In a sign of rapidly shifting attitudes towards weed in Thailand, four cops were disciplined on Tuesday after arresting a woman in her home for owning a small cannabis plant.
The arrest, which was met with harsh criticism, came just over a week before the country is set to decriminalize cannabis, as Thailand’s government breaks ground in Asia and attempts to cash in on the plant.
According to local reports, 56-year-old Pornpimol Prakobpol was greeted by plainclothes police at her home in Chonburi province on Monday. They had initially said that they were investigating a case of missing motorcycles, but arrested her after spotting a potted cannabis plant in her bedroom. The plant, which weighed about 20 grams and stood at around 30 centimeters, bore five or six leaves.
Despite her neighbors' attempts to stop the arrest, the officers insisted on taking Pornpimol to the local station. Pornpimol was released the next day, but not before spending the night in a cell after her husband, Choo Prakobpol, was unable to raise the 15,000 baht ($437) needed for her bail.
Her husband later told reporters that they were using the plant to relieve high blood pressure and diabetes. They also sometimes added it to their food.
After Pornpimol’s arrest was reported in several local news outlets, it was announced on Tuesday that the officers involved were transferred to “inactive posts,” a vague form of punishment which usually sees police bound to desk jobs. In light of the incident, Chonburi provincial commander Atthasit Kitjahan urged officers to exercise judgment before they arrested cannabis growers. The cops were confused between the old and new cannabis laws, he added.
Pornpimol’s arrest comes just one week before Thailand’s much-publicized decriminalization of cannabis is set to take effect on June 9, which will allow people to grow unlimited amounts of cannabis at home.
In December 2018, Thailand made global headlines by legalizing cannabis for medical use. Then, in February this year, Public Health minister Anutin Charnvirakul signed a measure removing cannabis from the country’s narcotics list.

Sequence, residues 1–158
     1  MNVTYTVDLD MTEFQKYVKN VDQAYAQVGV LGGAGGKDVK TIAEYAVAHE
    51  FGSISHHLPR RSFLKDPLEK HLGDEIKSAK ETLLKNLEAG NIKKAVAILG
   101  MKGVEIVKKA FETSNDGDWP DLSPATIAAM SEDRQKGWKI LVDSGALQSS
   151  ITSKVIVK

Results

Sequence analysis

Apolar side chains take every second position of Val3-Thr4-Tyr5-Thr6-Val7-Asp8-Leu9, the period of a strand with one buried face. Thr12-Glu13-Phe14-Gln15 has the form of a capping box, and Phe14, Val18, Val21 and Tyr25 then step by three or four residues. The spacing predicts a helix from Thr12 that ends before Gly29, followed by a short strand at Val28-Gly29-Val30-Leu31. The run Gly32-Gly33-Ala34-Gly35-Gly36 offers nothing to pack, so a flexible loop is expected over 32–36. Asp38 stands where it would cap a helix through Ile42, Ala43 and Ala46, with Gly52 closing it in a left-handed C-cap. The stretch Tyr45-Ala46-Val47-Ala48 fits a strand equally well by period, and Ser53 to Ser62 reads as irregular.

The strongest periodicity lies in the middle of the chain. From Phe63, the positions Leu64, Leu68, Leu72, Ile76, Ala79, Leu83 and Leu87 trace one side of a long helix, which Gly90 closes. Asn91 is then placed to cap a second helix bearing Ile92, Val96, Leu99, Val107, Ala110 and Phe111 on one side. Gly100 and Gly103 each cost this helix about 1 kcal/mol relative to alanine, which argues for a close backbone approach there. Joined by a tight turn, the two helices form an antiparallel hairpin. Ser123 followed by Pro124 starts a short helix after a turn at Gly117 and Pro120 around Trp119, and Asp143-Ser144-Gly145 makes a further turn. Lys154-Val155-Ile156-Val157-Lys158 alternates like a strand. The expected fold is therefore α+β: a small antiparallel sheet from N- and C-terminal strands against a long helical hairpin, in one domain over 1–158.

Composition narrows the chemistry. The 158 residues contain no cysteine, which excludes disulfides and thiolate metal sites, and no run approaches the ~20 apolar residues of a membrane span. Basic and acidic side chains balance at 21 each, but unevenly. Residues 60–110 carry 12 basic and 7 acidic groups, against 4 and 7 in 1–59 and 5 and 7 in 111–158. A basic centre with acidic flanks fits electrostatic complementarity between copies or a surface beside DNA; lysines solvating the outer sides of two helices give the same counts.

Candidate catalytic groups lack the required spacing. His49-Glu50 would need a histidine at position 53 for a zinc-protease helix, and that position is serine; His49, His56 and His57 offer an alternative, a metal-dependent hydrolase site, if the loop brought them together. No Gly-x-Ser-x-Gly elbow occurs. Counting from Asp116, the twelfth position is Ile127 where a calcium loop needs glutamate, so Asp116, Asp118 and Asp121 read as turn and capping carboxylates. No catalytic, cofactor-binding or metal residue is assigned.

“We will try to be as relaxed as possible, so people can have access to cannabis,” said Anutin, who is at the forefront of a governmental push to develop the local cannabis industry in Thailand, which has become the first country in Asia to de facto decriminalize the plant.
Last month, Anutin even announced that the government would be giving away one million free cannabis plants for citizens to grow at home, once restrictions on cannabis possession are lifted come June 9.
With the government looking to capitalize on the lucrative cannabis industry, lots of buzz has generated around the plant, which until recently could see people jailed for up to five years for possession. In recent months, cannabis products and businesses have sprung up amid a green rush, all looking to gain a foothold in the country’s budding cannabis scene.
In anticipation of the imminent liberalization, Thailand’s Food and Drug Administration announced on Wednesday it was launching Plook Ganja (plant ganja)—a phone app and website where people can register their homegrown cannabis plants. The app will allow authorities to keep track of where and how much cannabis is being grown, while also serving as a platform for businesses to source raw cannabis.
But despite the government’s eagerness to legalize cannabis, most prominently with the liberalization of plant ownership, activists point to the legal ambiguity that still surrounds its use. Thailand’s government is attempting to position itself to reap the economic benefits of cannabis through medicine and tourism, while still discouraging its own citizens from indulging in recreational use of the drug.
This delicate balancing act has led to seemingly contradictory legislation. While growers can produce unlimited amounts of the plant at home, it is only permitted for medicinal purposes. Under current legislation it is illegal to consume more than trace amounts of cannabis, with extracts containing more than 0.2 percent THC (the psychoactive element that elicits the “high”) banned.
In recognition of these legal inconsistencies, the Thai cabinet has said it is racing to introduce laws before June 9 that look set to permit consumption of cannabis at home. Whether this will extend to private businesses remains unclear.
“Our principle is that we choose to use marijuana to get the maximum benefits, but we will control the use that will cause punishment,” said member of parliament Saphachai Jaismut in a Facebook post on Wednesday. “In fact, we trust Thai people that everyone is smart enough to take care of their own lives.”